Cue the arrival of a magician, who barges into the locker room touting his supernatural powers. The coach cracks a few jokes at his expense, so David Copperfield threatens to turn him into a chicken and makes him spit out a mouthful of feathers before stomping off to sulk in a trailer conveniently located behind the baseball diamond. The Kid follows, begging the magician to use his powers to make him a better hitter. So, for the cost of one (1) immortal soul, Dumbledore here conjures up the ghost of Babe Ruth, who gives the Kid his bat, which leads to him hammering home runs every time he gets up to the plate.
Soon, it's the night of The Big Game™, and anyone who has ever watched a sitcom, seen a movie, or read a children's book knows what's coming next. One of the Kid's teammates borrows the bat in an attempt to get a piece of the Bambino's mojo, and ends up cracking it on a foul ball. The Kid gets pretty upset, and rightfully so considering he traded his immortal soul for it, but then the coach steps in and reveals that the bat was never magical... The real power was inside him all along!
The Kid asks how they pulled their bizarre sham off, and they respond by saying they conjured the Ghost of Babe Ruth with "movie camers and mirrors," thus upholding the Scooby Doo principle that with a candle, some string, and a bit of papier-mache, you too can create fully corporeal and convincing spectres at home. What really sums it up for me, though, is that it's a story called "The Enchanted Bat" that does not actually contain an enchanted bat. What a rip.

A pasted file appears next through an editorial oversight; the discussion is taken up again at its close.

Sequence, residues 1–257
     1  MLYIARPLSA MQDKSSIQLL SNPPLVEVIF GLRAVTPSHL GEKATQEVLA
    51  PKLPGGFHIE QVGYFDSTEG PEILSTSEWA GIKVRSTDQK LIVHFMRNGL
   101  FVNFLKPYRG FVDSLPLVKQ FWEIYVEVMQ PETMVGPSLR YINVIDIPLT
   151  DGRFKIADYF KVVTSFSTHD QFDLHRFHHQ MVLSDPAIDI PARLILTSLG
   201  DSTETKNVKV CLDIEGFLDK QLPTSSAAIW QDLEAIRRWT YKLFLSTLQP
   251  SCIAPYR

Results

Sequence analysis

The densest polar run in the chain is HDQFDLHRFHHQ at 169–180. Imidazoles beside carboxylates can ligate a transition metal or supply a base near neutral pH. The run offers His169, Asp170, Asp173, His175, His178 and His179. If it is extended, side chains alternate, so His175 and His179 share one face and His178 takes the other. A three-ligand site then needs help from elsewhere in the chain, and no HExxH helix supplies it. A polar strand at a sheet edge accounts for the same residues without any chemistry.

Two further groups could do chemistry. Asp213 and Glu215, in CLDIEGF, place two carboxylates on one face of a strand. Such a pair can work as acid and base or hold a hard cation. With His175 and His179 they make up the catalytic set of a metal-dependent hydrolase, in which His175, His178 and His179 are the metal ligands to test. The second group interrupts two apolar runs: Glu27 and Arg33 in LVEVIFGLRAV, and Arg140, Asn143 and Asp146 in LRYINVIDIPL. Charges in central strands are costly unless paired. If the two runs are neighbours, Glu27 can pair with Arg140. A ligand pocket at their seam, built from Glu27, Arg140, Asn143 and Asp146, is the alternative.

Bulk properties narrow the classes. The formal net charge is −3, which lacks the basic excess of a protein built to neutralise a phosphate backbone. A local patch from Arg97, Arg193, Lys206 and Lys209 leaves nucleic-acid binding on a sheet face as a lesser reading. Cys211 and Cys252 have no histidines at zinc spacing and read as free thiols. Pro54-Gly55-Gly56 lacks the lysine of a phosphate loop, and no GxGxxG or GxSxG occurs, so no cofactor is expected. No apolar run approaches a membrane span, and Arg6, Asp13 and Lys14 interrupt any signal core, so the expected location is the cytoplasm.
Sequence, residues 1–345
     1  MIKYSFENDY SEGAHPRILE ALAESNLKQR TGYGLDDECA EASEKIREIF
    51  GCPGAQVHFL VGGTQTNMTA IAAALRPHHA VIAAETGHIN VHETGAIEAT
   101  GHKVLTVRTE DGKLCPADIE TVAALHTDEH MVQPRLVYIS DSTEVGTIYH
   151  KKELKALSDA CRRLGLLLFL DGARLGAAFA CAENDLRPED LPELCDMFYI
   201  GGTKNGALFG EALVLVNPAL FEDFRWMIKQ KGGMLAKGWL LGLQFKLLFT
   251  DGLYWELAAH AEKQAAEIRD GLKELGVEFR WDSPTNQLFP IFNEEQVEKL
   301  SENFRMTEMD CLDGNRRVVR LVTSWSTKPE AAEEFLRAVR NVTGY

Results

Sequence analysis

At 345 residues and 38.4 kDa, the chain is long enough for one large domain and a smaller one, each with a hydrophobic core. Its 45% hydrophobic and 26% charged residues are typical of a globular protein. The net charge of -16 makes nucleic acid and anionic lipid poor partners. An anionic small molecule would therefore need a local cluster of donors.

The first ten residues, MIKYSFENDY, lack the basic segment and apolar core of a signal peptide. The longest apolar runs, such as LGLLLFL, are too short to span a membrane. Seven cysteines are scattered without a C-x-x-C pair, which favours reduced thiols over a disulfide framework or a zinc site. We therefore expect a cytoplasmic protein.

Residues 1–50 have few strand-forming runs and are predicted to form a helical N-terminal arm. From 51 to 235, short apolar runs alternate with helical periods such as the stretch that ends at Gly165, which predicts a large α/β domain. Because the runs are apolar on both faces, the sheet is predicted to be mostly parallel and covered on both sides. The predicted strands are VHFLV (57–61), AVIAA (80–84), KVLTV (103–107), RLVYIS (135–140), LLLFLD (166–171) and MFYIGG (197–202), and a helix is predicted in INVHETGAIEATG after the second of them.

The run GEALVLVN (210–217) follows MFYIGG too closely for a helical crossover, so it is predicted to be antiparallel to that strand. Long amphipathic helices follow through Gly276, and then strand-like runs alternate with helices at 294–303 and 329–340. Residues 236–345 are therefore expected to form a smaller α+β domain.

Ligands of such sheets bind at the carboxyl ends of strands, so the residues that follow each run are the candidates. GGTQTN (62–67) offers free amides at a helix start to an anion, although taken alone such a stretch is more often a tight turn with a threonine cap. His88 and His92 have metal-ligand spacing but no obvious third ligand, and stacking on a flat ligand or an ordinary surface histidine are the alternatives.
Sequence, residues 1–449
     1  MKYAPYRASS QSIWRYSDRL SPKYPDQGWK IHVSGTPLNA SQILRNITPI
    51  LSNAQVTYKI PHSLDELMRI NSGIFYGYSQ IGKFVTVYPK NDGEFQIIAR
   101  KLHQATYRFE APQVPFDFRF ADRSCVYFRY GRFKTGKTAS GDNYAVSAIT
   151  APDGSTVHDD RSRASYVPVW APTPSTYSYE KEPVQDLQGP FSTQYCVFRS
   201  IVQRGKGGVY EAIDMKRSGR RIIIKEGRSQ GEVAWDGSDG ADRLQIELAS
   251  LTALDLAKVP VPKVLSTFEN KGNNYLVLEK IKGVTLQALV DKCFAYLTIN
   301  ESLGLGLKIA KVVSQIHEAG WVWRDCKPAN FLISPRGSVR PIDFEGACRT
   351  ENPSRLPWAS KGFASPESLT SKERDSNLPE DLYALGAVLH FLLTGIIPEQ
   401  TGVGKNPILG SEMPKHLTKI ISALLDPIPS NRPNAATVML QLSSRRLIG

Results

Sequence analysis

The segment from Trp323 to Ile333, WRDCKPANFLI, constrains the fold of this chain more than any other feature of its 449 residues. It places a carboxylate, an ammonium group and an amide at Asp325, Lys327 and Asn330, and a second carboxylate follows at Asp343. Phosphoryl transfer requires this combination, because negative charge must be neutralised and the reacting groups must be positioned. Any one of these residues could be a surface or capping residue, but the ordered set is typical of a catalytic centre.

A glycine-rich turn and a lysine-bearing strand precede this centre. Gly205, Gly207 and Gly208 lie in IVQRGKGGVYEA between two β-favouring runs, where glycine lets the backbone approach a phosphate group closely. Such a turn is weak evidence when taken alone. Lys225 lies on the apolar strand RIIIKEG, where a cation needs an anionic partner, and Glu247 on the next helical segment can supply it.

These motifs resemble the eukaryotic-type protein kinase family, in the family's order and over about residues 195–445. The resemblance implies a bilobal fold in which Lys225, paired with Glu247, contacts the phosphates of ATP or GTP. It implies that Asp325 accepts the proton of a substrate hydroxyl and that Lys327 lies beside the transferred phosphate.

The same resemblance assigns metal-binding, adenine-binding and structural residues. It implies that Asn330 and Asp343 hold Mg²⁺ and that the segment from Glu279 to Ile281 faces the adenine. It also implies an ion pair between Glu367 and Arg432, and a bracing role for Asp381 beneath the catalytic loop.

The second story is a tale of the Gridiron, involving Dan, the Quarterback, and Chuck, also known as the Animal, who brutally runs interference for Dan's plays. Dan gets all the credit, naturally, and even though he's a swell guy who makes sure to give credit to Chuck even while nubile coeds are throwing themselves at him, Chuck starts to resent the attention and demands to be made quarterback. Dan, in a show of sportsmanship, agrees, and as it turns out, Chuck's really good at that side, too. Unfortunately, the rest of the team couldn't block a troop of girl scouts, and the coach begs Chuck to go back to his old position. Chuck agrees, saying that he wants to be the Animal again, and goes out to the field to rend hamstrings and snap legs--LT style!